Charles F. Bolden, Jr. and his wife, Alexis, have listed for sale a four-bedroom, 4.5-bath home at 14111 Lake Scene Trail in Clear Lake for $699,000. The Boldens acquired the property in April 2003. The 4,940-square-foot house was built in 1994 in the Bay Oaks subdivision. (6/30)

Government Sues Apollo 14 Astronaut Over Lunar Camera (Source: Reuters)
The U.S. government has sued a former NASA astronaut to recover a camera used to explore the moon's surface during the 1971 Apollo 14 mission after seeing it slated for sale in a New York auction. The lawsuit, filed in Miami federal court on Wednesday, accuses Edgar Mitchell of illegally possessing the camera and attempting to sell it for profit.

In March, NASA learned that the British auction house Bonhams was planning to sell the camera at an upcoming Space History Sale, according to the suit. The item was labeled "Movie Camera from the Lunar Surface" and billed as one of two cameras from the Apollo 14's lunar module Antares. The lot description said the item came "directly from the collection" of pilot Edgar Mitchell and had a pre-sale estimate of $60,000 to $80,000, the suit said.

Mitchell was a lunar module pilot on Apollo 14, which launched its nine-day mission in 1971 under the command of Alan Shepard. The sixth person to walk on the moon, Mitchell is now retired and runs a website selling his autographed picture. (6/30)

AIA Calls for Continued Aerospace Investment (Source: AIA)
Former FAA Administrator and current President and CEO of the Aerospace Industries Association, Marion C. Blakey, called for accelerated implementation of FAA's Next Generation Air Transportation System and increased U.S. investment in research and development to avoid losing our leadership in aerospace and defense.

Blakey also said that it was important for the aerospace industry to underscore the critical role of aerospace and defense in supporting our nation and economy, especially during ongoing budget debates. AIA is launching a campaign called "Second to None" to ensure that Congress and other officials understand that the industry is a perishable national asset. Editor's Note: "Second to None" is also the name of a Huntsville campaign to maximize NASA spending and programs at Marshall Space Flight Center. (6/30)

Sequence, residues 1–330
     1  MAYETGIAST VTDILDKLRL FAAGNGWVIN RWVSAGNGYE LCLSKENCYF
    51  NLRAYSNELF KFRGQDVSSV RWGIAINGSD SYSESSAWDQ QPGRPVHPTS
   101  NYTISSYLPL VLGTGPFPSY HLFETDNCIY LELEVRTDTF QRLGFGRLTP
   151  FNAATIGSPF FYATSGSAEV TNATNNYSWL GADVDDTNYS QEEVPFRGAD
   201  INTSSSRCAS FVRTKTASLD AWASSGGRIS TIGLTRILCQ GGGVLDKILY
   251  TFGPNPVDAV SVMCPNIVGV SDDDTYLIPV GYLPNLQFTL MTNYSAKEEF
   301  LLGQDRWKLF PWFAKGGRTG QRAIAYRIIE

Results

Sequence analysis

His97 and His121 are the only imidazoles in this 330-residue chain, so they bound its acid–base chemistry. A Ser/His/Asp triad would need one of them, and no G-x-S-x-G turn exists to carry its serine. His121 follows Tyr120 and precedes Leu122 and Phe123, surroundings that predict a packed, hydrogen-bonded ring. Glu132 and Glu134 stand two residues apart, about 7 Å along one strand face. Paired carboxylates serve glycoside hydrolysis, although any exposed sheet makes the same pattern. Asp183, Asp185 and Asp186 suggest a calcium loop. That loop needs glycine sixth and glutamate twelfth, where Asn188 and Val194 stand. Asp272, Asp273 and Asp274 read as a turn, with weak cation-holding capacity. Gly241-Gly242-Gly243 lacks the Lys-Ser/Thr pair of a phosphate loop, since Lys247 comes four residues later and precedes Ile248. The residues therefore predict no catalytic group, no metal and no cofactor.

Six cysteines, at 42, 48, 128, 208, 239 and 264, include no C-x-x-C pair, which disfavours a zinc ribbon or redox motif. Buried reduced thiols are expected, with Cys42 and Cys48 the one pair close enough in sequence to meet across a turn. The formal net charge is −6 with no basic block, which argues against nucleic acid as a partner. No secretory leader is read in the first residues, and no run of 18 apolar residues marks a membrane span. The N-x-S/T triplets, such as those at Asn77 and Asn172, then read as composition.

Moon Express Conducts Flight Test of Lunar Lander with NASA (Source: On Orbit)
Moon Express, Inc. today announced a successful flight test of a prototype lunar lander system being developed in partnership with NASA. Controlled flight tests of the Lander Test Vehicle (LTV) allow Moon Express to assess lunar vehicle design, including guidance, navigation and control software and new landing leg concepts designed by Moon Express engineers.

The company signed a Reimbursable Space Act Agreement with NASA last year to invest over $500K into the commercialization of technology developed by the agency. The flight test marks an important milestone in the collaborative agreement, demonstrating that innovative public-private partnerships can be utilized to establish new capabilities of mutual benefit to commercial space companies and NASA. (6/30)

NASA Funding Mired In Budget Politics (Source: Aviation Week)
With a lingering stalemate on the deficit and debt ceiling and leftover problems from the previous fiscal year, developing a budget to fund NASA for the coming fiscal year is messier than usual. “It’s a quagmire,” says Sen. Barbara Mikulski (D-MD), chair of the Senate Appropriations Commerce Justice Science subcommittee. “It’s a fiscal quagmire.”

The committee is still sorting through the fiscal 2011 budget, as NASA only just recently submitted its spending plan for fiscal 2011 to Congress. Meanwhile, Congress and the White House have yet to reach a deal on how to address the deficit and the debt ceiling. Without that deal, the Senate has not provided a budget resolution, withholding guidance to the appropriations committees for how much money individual agencies will receive in fiscal 2012. (6/30)